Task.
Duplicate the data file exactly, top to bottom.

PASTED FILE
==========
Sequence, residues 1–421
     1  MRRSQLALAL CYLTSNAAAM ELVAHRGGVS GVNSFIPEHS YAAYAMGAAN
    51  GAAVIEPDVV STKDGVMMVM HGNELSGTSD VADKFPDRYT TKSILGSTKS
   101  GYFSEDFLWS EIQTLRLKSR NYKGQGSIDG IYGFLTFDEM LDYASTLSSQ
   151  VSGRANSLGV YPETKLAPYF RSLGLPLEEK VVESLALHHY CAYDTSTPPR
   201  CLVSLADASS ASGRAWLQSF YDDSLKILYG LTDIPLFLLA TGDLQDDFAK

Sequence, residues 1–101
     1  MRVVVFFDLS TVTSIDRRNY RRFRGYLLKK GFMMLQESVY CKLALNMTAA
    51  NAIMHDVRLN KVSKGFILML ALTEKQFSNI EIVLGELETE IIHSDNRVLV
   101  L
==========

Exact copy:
Sequence, residues 1–421
     1  MRRSQLALAL CYLTSNAAAM ELVAHRGGVS GVNSFIPEHS YAAYAMGAAN
    51  GAAVIEPDVV STKDGVMMVM HGNELSGTSD VADKFPDRYT TKSILGSTKS
   101  GYFSEDFLWS EIQTLRLKSR NYKGQGSIDG IYGFLTFDEM LDYASTLSSQ
   151  VSGRANSLGV YPETKLAPYF RSLGLPLEEK VVESLALHHY CAYDTSTPPR
   201  CLVSLADASS ASGRAWLQSF YDDSLKILYG LTDIPLFLLA TGDLQDDFAK

Sequence, residues 1–101
     1  MRVVVFFDLS TVTSIDRRNY RRFRGYLLKK GFMMLQESVY CKLALNMTAA
    51  NAIMHDVRLN KVSKGFILML ALTEKQFSNI EIVLGELETE IIHSDNRVLV
   101  L